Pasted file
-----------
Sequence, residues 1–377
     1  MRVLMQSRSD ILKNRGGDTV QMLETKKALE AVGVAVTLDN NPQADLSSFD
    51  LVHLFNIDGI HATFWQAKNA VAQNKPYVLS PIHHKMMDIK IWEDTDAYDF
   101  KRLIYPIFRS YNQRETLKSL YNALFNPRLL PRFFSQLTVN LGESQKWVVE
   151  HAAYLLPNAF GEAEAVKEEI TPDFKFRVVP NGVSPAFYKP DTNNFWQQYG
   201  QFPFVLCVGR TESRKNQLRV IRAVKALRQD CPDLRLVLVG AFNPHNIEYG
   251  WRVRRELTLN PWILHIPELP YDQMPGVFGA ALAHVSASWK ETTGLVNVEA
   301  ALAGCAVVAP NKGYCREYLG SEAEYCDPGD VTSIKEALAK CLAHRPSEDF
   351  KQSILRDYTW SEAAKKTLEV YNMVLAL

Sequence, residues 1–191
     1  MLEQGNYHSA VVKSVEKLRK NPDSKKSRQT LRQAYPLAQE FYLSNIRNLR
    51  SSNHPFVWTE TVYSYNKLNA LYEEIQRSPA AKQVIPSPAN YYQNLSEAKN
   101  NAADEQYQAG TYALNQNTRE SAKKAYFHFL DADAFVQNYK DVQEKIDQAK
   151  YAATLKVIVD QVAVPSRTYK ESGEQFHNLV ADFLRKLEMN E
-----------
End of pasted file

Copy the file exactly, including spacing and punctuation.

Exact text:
Sequence, residues 1–377
     1  MRVLMQSRSD ILKNRGGDTV QMLETKKALE AVGVAVTLDN NPQADLSSFD
    51  LVHLFNIDGI HATFWQAKNA VAQNKPYVLS PIHHKMMDIK IWEDTDAYDF
   101  KRLIYPIFRS YNQRETLKSL YNALFNPRLL PRFFSQLTVN LGESQKWVVE
   151  HAAYLLPNAF GEAEAVKEEI TPDFKFRVVP NGVSPAFYKP DTNNFWQQYG
   201  QFPFVLCVGR TESRKNQLRV IRAVKALRQD CPDLRLVLVG AFNPHNIEYG
   251  WRVRRELTLN PWILHIPELP YDQMPGVFGA ALAHVSASWK ETTGLVNVEA
   301  ALAGCAVVAP NKGYCREYLG SEAEYCDPGD VTSIKEALAK CLAHRPSEDF
   351  KQSILRDYTW SEAAKKTLEV YNMVLAL

Sequence, residues 1–191
     1  MLEQGNYHSA VVKSVEKLRK NPDSKKSRQT LRQAYPLAQE FYLSNIRNLR
    51  SSNHPFVWTE TVYSYNKLNA LYEEIQRSPA AKQVIPSPAN YYQNLSEAKN
   101  NAADEQYQAG TYALNQNTRE SAKKAYFHFL DADAFVQNYK DVQEKIDQAK
   151  YAATLKVIVD QVAVPSRTYK ESGEQFHNLV ADFLRKLEMN E